Robert Kolodner, the outgoing head of the Office of the National Coordinator, received a warm farewell, including a standing ovation, at the 2009 Healthcare Information and Management Systems Society convention in Chicago on Monday.
Dave Roberts, vice president of government relations for HIMSS, got the crowd of about 400 people on its feet along with Koloders key staffers during a town-hall session on federal healthcare promotion activities through the ONC.
In March, President Barack Obama named David Blumenthal, a physician and healthcare policy expert, to succeed Kolodner. Blumenthal will start later this month.
Roberts recalled the time of transition in 2006 when Kolodner was named to replace David Brailer, the first ONC leader.
When Dr. Brailer left, it was said youd have big shoes to fill, Roberts said. I think Dr. Blumenthal has even bigger shoes to fill. None of this would have been possible without you continuing the momentum. We cannot thank you enough.
Kolodner used part of the session to recount the accomplishments of the ONC under his watch, including developing a five-year IT plan, a privacy and security framework and advancing the proposed national health information network through the testing phase and into the first stage of real-world production.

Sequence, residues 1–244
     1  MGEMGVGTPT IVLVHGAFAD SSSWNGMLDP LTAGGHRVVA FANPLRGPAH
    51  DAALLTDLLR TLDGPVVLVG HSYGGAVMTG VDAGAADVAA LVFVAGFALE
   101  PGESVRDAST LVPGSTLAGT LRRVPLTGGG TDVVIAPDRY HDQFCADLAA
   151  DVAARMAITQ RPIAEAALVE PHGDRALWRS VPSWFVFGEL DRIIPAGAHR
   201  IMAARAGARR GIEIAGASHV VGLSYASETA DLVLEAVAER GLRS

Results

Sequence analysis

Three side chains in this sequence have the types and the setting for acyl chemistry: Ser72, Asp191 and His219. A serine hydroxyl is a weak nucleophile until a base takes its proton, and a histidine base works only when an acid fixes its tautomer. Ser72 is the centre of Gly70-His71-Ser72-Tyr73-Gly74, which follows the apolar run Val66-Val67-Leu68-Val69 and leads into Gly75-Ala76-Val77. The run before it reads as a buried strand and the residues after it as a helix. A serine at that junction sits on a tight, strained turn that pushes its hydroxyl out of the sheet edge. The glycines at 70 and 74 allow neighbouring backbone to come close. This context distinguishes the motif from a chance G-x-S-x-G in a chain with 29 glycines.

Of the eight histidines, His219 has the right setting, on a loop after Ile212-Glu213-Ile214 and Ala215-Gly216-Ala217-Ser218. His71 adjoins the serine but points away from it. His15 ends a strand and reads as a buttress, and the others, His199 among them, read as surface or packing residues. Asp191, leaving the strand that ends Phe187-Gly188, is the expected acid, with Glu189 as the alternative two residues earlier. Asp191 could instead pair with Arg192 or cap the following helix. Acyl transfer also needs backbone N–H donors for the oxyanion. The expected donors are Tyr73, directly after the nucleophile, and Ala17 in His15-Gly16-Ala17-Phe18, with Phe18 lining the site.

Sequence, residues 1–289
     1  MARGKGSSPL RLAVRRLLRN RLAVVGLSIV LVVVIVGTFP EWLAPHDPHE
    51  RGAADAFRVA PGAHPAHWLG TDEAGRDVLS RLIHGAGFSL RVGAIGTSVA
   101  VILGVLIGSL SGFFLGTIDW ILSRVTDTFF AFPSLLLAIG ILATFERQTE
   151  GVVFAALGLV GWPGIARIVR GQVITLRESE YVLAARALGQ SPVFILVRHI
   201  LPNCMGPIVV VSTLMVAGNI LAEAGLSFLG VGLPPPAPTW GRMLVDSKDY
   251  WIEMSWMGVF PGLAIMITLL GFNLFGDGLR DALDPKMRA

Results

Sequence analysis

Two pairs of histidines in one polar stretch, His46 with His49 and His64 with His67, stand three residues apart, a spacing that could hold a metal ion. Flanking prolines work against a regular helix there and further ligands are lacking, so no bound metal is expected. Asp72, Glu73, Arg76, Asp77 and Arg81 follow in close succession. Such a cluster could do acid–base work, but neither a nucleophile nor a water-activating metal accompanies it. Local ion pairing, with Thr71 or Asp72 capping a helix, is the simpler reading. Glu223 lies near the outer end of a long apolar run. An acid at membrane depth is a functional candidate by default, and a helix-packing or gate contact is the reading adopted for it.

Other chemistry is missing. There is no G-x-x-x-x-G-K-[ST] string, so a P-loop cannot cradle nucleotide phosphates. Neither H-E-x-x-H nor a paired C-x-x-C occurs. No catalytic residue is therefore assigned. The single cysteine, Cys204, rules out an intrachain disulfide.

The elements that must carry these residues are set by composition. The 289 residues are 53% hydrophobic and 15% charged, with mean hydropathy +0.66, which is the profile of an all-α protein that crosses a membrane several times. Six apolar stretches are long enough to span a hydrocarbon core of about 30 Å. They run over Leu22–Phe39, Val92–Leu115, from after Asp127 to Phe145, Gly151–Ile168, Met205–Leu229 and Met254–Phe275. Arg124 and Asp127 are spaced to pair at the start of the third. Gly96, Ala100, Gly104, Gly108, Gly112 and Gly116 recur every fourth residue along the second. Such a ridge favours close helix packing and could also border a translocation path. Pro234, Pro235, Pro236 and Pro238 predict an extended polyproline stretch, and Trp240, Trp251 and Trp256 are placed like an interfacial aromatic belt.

Even so, Kolodners legacy at ONC has been tempered by thoughts of what might have been. Both Kolodner and his predecessor were limited by the political ideology of the Bush administration, which ordered ONC to carry on with no additional federal funding under the banner of a private sector, magic of the markets approach.
Both he and Brailer had ONC budgets in the $50 million to $60 million range. In contrast, the American Recovery and Reinvestment Act of 2009 recently appropriated $2 billion for the ONC to allocate and spend on healthcare IT grants and loans. The stimulus act also authorized, by some estimates, more than $30 billion for IT bonus payments to be paid through the federally funded Medicare and Medicaid programs. Kolodner mentioned the funding disparity only in passing.
We needed some foundational work, Kolodner said. Five years ago we didnt have broad and substantive, federal, state and private-sector cooperation for HIT. It has taken the work of thousands of people participating across the country.
But while Blumenthal will inherit a funding bonanza, he also will face an accelerated work schedule with deadlines mandated by Congress in the stimulus act. Kolodner outlined the ONC calendar as follows: